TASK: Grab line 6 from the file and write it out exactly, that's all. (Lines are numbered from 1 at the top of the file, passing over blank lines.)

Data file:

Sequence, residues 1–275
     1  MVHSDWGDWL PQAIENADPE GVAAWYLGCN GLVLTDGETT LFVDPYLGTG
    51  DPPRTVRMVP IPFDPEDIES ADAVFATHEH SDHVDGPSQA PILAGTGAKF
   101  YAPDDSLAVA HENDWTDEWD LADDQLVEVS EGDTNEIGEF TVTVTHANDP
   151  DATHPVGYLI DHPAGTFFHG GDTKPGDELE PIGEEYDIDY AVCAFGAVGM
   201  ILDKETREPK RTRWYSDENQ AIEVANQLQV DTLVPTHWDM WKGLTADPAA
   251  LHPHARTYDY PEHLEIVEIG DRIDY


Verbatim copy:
   201  ILDKETREPK RTRWYSDENQ AIEVANQLQV DTLVPTHWDM WKGLTADPAA